The Securities and Exchange Commission charged a former registered representative in Dayton, Ohio, with defrauding his retail brokerage customers out of more than $1 million in a long-running scheme.
According to the SEC’s complaint, John Greg Schmidt, who was associated with an SEC-registered broker-dealer, sold securities of at least seven of his customers and secretly transferred more than $1 million in proceeds to 10 other customers to cover shortfalls in their accounts.
“From at least 2003 through 2017, Schmidt betrayed his customers’ trust by perpetrating a classic fraudulent scheme: He robbed Peter to pay Paul,” the complaint states.
Schmidt worked at Wells Fargo for 10 years until he was discharged from the firm in late October 2017, according to BrokerCheck. In addition, the Financial Industry Regulatory Authority barred Schmidt from association with any FINRA member in any capacity as of March 2018. Prior to Wells Fargo, Schmidt worked at Stifel, Nicolaus & Co.
As alleged in the SEC’s complaint, Schmidt accomplished his scheme by making unauthorized sales and withdrawals from variable annuities held by the customers, secretly transferring funds using fraudulent letters of authorization, and issuing fake account statements.
Most of the injured customers were elderly with little to no financial expertise and were particularly vulnerable.
Schmidt received more than $230,000 in brokerage commissions from these customers.
The SEC is seeking a judgment ordering Schmidt to disgorge his ill-gotten gains with prejudgment interest, and to pay civil penalties.
SEC And CFTC File Charges Against Bitcoin-Funded Securities Dealer and CEO
The SEC filed charges against an international securities dealer and its Austria-based CEO for allegedly violating the federal securities laws in connection with security-based swaps funded with Bitcoins.
According to the SEC’s complaint, 1pool Ltd., aka 1Broker, and its CEO, Patrick Brunner, solicited investors from the United States and around the world to buy and sell security-based swaps. Investors could open accounts by simply providing an email address and a user name — no additional information was required — and could only fund their account using Bitcoins.
The SEC alleges that a special agent with the FBI, acting in an undercover capacity, successfully purchased several security-based swaps on 1Broker’s platform from the U.S. despite not meeting the discretionary investment thresholds required by the federal securities laws.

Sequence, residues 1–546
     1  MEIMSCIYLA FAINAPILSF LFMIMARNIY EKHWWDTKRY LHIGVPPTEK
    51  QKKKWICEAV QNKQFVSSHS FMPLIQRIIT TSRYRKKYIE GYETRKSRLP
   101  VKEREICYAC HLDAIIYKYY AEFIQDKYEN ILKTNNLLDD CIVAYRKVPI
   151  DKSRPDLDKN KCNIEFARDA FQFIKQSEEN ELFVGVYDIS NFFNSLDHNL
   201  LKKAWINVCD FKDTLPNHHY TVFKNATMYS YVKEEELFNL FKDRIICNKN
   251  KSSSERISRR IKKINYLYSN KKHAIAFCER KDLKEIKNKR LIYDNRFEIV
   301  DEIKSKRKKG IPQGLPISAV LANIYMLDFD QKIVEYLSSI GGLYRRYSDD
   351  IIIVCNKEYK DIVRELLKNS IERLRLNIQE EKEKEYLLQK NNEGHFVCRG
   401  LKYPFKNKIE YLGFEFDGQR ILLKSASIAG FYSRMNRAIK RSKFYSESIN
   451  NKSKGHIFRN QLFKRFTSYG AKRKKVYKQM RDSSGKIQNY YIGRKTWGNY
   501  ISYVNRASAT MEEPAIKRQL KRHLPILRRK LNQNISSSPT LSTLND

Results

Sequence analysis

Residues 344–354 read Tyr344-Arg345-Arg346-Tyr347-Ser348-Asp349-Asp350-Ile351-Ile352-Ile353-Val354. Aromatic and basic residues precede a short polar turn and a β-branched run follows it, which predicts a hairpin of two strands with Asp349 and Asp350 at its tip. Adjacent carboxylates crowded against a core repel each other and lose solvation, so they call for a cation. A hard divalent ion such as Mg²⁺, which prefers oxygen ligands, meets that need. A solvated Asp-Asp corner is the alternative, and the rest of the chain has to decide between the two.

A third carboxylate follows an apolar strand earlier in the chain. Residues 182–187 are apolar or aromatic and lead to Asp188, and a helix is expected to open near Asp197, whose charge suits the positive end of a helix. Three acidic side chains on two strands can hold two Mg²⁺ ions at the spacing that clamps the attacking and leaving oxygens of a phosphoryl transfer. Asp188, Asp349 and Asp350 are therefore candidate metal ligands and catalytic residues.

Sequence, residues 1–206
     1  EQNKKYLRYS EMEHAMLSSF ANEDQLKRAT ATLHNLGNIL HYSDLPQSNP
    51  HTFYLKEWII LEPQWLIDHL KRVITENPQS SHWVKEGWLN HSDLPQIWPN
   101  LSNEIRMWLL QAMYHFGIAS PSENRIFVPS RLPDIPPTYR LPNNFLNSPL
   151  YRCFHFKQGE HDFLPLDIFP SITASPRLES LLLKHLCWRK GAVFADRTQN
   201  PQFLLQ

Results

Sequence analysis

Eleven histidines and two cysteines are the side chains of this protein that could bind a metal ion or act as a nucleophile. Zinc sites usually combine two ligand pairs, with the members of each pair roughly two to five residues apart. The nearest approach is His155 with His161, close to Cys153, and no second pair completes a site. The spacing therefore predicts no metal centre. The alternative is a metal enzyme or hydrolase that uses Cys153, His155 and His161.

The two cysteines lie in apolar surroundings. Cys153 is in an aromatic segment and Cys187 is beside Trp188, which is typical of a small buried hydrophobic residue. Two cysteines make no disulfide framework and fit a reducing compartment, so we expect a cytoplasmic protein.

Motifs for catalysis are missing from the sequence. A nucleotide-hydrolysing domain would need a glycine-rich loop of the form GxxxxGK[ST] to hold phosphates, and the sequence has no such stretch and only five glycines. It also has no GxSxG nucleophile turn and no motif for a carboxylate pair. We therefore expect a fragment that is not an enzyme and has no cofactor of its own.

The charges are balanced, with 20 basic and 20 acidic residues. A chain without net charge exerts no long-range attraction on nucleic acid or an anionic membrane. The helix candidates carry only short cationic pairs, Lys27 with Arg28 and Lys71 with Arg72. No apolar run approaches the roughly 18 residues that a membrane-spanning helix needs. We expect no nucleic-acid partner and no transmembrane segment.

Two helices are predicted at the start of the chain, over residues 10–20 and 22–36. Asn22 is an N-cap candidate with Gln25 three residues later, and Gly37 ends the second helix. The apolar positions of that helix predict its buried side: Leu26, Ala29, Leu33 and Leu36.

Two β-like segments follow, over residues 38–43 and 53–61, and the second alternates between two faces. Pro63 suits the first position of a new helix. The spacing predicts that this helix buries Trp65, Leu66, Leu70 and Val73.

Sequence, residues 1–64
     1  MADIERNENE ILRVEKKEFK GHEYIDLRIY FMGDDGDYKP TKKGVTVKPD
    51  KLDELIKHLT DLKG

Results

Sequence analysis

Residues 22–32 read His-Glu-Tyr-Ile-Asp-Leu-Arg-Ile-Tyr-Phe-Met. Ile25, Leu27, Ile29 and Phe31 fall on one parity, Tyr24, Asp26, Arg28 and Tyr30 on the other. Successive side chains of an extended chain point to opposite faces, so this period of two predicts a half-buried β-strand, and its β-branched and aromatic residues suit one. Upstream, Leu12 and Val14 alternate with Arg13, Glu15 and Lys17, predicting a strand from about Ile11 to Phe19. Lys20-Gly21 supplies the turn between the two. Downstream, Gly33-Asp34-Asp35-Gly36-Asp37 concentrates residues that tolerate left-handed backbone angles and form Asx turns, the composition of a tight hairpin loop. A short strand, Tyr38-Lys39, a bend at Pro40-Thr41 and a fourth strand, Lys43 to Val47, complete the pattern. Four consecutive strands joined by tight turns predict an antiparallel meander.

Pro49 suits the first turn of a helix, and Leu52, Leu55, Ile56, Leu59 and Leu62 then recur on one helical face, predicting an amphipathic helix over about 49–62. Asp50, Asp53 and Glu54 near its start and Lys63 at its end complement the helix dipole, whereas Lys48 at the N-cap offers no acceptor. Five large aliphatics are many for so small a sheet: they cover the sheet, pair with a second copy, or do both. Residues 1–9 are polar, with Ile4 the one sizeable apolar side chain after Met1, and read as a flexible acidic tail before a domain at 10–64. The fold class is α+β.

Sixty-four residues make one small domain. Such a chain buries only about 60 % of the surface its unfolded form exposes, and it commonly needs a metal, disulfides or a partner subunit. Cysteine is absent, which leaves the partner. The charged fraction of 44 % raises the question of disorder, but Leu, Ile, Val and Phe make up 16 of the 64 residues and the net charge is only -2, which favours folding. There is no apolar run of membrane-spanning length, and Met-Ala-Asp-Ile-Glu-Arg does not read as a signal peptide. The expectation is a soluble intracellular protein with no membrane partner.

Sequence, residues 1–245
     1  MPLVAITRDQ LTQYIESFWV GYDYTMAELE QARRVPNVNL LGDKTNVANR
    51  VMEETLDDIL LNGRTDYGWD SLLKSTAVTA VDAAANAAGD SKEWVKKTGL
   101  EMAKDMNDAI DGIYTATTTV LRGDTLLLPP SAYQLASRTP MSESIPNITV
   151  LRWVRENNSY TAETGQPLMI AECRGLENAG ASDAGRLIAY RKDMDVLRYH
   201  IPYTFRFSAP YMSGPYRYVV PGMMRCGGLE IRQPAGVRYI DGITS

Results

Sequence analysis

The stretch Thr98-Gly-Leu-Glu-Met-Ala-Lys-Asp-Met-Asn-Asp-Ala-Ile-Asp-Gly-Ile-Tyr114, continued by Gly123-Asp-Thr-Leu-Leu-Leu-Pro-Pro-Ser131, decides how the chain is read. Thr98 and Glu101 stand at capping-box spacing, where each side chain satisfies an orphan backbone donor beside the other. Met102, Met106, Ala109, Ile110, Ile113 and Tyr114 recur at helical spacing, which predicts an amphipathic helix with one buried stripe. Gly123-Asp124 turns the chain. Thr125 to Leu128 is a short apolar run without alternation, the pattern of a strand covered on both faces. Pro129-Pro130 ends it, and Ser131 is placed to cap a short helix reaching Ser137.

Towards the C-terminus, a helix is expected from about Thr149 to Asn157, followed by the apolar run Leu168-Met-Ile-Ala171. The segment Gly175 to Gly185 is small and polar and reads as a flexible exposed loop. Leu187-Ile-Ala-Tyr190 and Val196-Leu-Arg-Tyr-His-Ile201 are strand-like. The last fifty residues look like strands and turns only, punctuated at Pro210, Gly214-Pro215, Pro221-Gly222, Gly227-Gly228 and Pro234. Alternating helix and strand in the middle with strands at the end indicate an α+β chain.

The SEC also alleges that Brunner and 1Broker failed to transact the security-based swaps on a registered national exchange, and failed to properly register as a security-based swaps dealer.
“The SEC protects U.S. investors across a variety of platforms, regardless of the type of currency used in their transactions,” said Shamoil Shipchandler, director of the SEC’s Fort Worth Regional Office, in a statement. “International companies that transact with U.S. investors cannot circumvent compliance with the federal securities laws by using cryptocurrency.”
The SEC’s complaint, filed in U.S. District Court for the District of Columbia, seeks permanent injunctions, disgorgement plus interest, and penalties.
In a parallel action, the Commodity Futures Trading Commission announced charges against 1Broker arising from similar conduct.
The CFTC’s complaint charges the 1Pool and Brunner with engaging in unlawful retail commodity transactions, failing to register as a futures commission merchant, and supervisory violations for failing to implement procedures to prevent money laundering as required under federal laws and regulations.
The CFTC seeks disgorgement of ill-gotten gains, civil monetary penalties, restitution, permanent registration and trading bans, and a permanent injunction against further violations of the Commodity Exchange Act and CFTC regulations as charged.
SEC Charges Real Estate Crowdfunding Portal Founders With Fraud
The SEC charged the co-founders of a New York-based crowdfunding portal with misappropriating more than $1 million from investors.
According to the SEC’s complaint, William Skelley and Sohin Shah, the co-founders and senior executives of iFunding LLC, raised more than $3 million from 42 investors in 17 states, with fraudulent claims about iFunding’s plans to use the funds to build an online real estate equity crowdfunding portal.